This is an excerpt from an article recently published in the Journal of AHIMA, "Understanding and Building a Skill Set for Machine Learning with Drug Dosing." In the article, AHIMA22 presenter Shannon H. Houser, PhD, MPH, RHIA, FAHIMA, and co-author R. Jeffrey Harris, RPH, MSHI take a closer look at the role of machine learning as this technology evolves.
By Shannon H. Houser, PhD, MPH, RHIA, FAHIMA, and R. Jeffrey Harris, RPH, MSHI
Machine learning (ML) is a subset of artificial intelligence (AI) that uses reinforcement learning with human-like levels of intelligence to predict outcomes and improve task performance. ML is widely applied in healthcare, including pharmacy practices. It can be used to calculate dosages in special populations that are difficult for traditional human computing.
There are, however, challenges in data management and analytics, and special skill sets are needed when working with ML in drug dosing applications.
Some basic technical skills are needed when working with ML. Those skills include applied mathematics, computer science fundamentals and programming, data modeling and evaluation, algorithms used in ML, and natural language processing. Soft skills are also necessary characteristics for delivering your technical skills more effectively.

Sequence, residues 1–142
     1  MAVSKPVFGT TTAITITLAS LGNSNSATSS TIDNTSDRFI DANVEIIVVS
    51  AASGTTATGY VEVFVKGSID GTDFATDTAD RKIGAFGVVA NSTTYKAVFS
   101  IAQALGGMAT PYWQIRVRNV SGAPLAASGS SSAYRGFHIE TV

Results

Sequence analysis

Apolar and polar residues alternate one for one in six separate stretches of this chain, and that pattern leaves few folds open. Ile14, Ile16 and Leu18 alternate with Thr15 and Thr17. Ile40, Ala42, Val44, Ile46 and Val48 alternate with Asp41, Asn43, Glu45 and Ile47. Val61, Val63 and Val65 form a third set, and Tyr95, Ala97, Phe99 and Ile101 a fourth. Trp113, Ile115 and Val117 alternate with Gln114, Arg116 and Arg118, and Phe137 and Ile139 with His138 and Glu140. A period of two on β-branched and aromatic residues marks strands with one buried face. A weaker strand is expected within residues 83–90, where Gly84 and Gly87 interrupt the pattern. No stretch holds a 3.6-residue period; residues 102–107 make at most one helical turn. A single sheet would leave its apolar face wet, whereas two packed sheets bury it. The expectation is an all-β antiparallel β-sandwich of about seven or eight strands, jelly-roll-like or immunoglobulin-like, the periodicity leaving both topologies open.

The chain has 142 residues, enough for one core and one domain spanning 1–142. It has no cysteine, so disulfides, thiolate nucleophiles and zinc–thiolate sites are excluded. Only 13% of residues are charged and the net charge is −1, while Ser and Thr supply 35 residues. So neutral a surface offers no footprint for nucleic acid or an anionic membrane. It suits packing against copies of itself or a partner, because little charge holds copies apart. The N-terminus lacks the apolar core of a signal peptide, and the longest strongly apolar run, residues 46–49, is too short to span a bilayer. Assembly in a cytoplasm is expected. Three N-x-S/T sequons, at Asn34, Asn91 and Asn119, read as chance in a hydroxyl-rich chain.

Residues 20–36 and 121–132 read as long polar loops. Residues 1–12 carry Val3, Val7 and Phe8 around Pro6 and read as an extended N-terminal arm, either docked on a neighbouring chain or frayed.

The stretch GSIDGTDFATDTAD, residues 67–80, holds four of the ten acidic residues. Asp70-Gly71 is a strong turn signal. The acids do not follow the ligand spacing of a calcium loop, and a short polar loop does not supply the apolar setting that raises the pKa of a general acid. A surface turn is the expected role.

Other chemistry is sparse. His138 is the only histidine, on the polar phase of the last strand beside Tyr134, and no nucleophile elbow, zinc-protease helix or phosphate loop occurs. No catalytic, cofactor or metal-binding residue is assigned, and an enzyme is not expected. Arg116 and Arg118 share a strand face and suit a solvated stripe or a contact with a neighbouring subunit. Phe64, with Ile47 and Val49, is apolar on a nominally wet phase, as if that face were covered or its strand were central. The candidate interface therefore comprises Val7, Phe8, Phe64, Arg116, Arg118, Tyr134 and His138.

Mathematics, such as linear algebra, probability, statistics, and multivariate calculus, are fundamental skills in ML. When selecting the appropriate ML algorithm, mathematical formulas, parameters, approximate confidence levels, and statistical modeling procedures are all basic concepts to apply. Fundamental computer science, such as data structures, algorithms, space and time complexity, and different programming languages like R and Python for ML and SQL for database management, is another important skill for ML.
Data in general are fundamental constructs for ML. When building data modeling, it involves data structures, and the patterns of the data. For example, the drug dosing discussed above require understanding of regression, classification, clustering, dimension reduction, and clinical terminology and concepts. A basic understanding of algorithms, such as decision tree, linear regression, and neural networks is also needed for ML.
Soft skills in ML such as communication, problem-solving, and critical thinking are equally important when working with ML to convey your technical skills to non-technical people, solve ongoing problems, and make better decisions.
Click here to read the full article.
Hear more from Shannon H. Houser at AHIMA22 Global Conference, taking place October 9-12 in Columbus, OH. House will be co-presenting the session "Solutions for Challenges in Telehealth Privacy and Security" on Tuesday, October 11.
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